Thanks for the comments and all the ‘likes’. I appreciate it!

      Liked by 1 person

  4. That is a captivating post.. You do have a magic wand over your words to keep it flowing smoothly, irrespective of the topic you choose to write..

    My humble opinion on creativity is, just as you mentioned about the increase in hearing quality with the lose of sight..

    When a person undergoes any distress, of all the impairment, the first to get wounded is the self confidence and with that creeps in self doubt..

    To fight back that impairment, people tend to get into their passion and fine tune the skill.. As it goes with every passionate endeavor, the work stands out beyond the ordinary, captivating the audience..

    Thus, you get yourself boosted up with self confidence, every time you get that sense of accomplishment..

    It might also be seen as, deeper the distress and struggle to come out of it, better is the outcome of their passionate work..

    I had this view, since I’ve seen few people, who are not diagnosed with any medical complication, but had gone through some personal loss, get into a creative world, to bounce back to happier living..

    I do believe that the key to running anyone’s life is their self confidence and we all are in constant search of ways to keep it geared up and running, with passion as its fuel..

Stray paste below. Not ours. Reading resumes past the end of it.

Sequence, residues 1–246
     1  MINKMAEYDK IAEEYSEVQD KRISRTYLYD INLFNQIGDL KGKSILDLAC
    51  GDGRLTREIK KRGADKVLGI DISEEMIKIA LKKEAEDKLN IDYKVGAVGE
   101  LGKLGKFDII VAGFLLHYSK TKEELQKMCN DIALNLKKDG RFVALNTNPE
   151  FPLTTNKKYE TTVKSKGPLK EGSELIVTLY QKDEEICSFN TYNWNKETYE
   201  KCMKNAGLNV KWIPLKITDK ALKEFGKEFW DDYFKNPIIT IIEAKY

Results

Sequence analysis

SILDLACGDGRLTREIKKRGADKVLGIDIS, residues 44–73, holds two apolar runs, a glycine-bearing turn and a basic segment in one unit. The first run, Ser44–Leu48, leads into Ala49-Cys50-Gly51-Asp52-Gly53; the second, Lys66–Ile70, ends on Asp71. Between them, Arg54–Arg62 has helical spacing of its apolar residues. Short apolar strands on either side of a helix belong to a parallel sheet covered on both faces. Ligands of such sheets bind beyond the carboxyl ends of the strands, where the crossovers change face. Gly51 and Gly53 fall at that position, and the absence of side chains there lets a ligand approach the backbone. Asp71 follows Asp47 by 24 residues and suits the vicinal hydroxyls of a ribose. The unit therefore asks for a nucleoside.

Like

    1. Thank you for your kind words, I do appreciate it! Yes in the end it is self-confidence and the many ways it can be pulled down or raised up.
      I’m sure we will chat more about this as we are only skimming the surface… 🙂

      Liked by 1 person

  5. No science behind my opinion (that I am aware of), but I don’t believe that the supposed “connection” is as clear as it might seem. Correlation does not prove causation. I believe that the creativity was there all along, frequently untapped.

    Once other options become fewer as a result of a significant diagnosis, the focus on creativity shows up as a way to deal with prospective losses – so it SEEMS to suddenly appear rather than “released.”
    xx,
    mgh
    (Madelyn Griffith-Haynie – ADDandSoMuchMore dot com)
    – ADD Coach Training Field founder; ADD Coaching co-founder –
    “It takes a village to educate a world!”

    Like